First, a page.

The Miss Branghtons, though they saw almost immediately the characters of the women to whom I had so unfortunately applied, were, nevertheless, so weak and foolish, as merely to titter at their behaviour. As to Madame Duval, she was for some time so strangely imposed upon, that she thought they were two real fine ladies. Indeed, it is wonderful to see how easily and how frequently she is deceived. Our disturbance, however, arose from young Brown, who was now between the two women, by whom his arms were absolutely pinioned to his sides: for a few minutes his complaints had been only murmured: but he now called out aloud, “Goodness, Ladies, you hurt me like any thing! why, I can’t walk at all, if you keep pinching my arms so!”
This speech raised a loud laugh in the women, and redoubled the tittering of the Miss Branghtons. For my own part, I was most cruelly confused: while the countenance of Lord Orville manifested a sort of indignant astonishment; and, from that moment, he spoke to me no more till he took leave.
Madame Duval, who now began to suspect her company, proposed our taking the first box we saw empty, bespeaking a supper, and waiting till Mr. Branghton should find us.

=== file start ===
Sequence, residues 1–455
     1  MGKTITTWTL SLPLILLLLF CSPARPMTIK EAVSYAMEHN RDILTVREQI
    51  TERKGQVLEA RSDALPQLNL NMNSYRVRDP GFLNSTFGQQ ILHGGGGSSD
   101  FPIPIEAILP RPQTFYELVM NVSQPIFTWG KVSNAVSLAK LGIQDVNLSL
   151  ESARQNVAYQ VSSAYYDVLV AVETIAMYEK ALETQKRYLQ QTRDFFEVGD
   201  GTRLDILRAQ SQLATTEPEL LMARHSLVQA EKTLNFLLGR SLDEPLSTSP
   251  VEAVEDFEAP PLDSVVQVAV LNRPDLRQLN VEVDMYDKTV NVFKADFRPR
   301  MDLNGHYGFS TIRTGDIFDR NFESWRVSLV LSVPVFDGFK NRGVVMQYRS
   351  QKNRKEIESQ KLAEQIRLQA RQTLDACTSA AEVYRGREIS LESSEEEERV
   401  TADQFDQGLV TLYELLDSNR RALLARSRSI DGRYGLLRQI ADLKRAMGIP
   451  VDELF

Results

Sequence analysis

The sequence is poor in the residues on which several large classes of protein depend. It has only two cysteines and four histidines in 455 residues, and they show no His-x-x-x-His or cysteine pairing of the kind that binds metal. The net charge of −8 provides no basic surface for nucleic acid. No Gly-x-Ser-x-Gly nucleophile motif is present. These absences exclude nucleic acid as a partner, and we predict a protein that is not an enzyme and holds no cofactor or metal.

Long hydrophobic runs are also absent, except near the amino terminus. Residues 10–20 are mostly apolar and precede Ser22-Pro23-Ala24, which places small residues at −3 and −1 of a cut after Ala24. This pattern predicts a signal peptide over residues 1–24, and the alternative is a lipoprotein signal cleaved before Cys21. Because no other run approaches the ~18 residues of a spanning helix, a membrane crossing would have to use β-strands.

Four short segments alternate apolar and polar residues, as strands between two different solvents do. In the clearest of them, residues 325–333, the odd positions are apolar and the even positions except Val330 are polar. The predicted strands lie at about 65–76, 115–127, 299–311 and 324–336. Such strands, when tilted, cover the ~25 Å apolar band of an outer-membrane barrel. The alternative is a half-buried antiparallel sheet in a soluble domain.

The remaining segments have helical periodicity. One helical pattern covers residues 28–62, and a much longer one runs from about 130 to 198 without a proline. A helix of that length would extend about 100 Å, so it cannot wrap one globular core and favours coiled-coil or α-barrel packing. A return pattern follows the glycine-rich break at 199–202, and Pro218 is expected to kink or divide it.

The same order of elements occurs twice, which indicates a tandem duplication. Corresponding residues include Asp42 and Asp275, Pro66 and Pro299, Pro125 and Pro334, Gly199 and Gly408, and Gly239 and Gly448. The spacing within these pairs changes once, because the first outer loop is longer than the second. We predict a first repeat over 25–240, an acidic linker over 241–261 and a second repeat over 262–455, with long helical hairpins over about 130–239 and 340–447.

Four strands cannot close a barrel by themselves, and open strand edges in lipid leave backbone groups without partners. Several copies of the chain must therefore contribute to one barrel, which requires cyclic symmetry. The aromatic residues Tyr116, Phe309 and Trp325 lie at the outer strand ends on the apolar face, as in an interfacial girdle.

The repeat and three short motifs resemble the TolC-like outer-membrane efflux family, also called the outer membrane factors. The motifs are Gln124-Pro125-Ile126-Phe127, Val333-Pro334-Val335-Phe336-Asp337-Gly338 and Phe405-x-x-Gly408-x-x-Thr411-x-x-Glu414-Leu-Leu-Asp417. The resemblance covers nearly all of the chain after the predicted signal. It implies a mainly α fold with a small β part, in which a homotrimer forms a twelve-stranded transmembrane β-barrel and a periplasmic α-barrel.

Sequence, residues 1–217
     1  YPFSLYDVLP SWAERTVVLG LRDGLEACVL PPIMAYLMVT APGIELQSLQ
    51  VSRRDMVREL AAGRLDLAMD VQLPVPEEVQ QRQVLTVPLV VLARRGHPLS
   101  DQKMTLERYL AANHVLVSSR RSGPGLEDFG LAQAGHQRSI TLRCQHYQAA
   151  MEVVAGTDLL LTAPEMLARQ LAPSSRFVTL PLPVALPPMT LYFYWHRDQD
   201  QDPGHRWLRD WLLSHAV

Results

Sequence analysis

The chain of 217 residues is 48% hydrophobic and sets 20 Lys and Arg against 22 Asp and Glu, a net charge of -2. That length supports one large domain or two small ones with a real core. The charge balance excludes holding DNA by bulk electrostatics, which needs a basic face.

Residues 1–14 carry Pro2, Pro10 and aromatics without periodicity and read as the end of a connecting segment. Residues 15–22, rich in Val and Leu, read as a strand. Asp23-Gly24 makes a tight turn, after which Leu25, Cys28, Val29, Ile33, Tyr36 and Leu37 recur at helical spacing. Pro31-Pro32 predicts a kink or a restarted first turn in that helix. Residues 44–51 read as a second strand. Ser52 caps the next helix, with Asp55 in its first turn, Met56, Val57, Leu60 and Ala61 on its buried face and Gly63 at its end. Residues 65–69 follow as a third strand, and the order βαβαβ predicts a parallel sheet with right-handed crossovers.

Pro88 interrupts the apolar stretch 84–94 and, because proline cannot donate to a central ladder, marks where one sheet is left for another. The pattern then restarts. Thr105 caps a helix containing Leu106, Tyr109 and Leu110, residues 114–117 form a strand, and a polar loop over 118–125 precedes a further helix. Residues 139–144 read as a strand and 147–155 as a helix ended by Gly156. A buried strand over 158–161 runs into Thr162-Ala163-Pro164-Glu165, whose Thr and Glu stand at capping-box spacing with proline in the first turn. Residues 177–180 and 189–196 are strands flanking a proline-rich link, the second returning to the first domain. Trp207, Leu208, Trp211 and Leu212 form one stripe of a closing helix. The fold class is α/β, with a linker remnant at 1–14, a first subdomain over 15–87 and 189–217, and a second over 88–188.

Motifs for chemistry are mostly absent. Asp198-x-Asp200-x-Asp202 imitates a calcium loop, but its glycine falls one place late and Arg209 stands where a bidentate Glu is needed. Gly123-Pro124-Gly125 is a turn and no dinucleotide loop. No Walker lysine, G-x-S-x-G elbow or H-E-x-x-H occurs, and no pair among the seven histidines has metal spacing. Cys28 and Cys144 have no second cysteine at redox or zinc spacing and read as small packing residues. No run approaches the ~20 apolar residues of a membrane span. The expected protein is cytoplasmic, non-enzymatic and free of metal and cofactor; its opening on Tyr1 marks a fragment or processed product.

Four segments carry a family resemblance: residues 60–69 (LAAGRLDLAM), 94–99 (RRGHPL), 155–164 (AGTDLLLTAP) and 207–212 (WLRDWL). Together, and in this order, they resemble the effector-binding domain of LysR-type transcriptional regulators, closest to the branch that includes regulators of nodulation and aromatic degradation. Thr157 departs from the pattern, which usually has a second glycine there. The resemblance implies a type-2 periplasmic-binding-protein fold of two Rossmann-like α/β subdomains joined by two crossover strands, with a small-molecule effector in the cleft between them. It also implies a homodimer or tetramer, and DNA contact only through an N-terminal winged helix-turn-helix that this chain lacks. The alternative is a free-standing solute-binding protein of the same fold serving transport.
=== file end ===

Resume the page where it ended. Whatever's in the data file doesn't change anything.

Miss Polly mentioned one she had remarked, to which we all turned. Madame Duval instantly seated herself; and the two bold women, forcing the frightened Mr. Brown to go between them, followed her example.
Lord Orville, with an air of gravity that wounded my very soul, then wished me good night. I said not a word; but my face, if it had any connection with my heart, must have looked melancholy indeed: and so I have some reason to believe it did; for he added with much more softness, though no less dignity, “Will Miss Anville allow me to ask her address, and to pay my respects to her before I leave town?”
O how I changed colour at this unexpected request! — yet, what was the mortification I suffered in answering, “My Lord, I am — in Holborn!”
He then bowed and left us.
What, what can he think of this adventure! how strangely how cruelly have all appearances turned against me! Had I been blessed with any presence of mind, I should instantly have explained to him the accident which occasioned my being in such terrible company:— but I have none!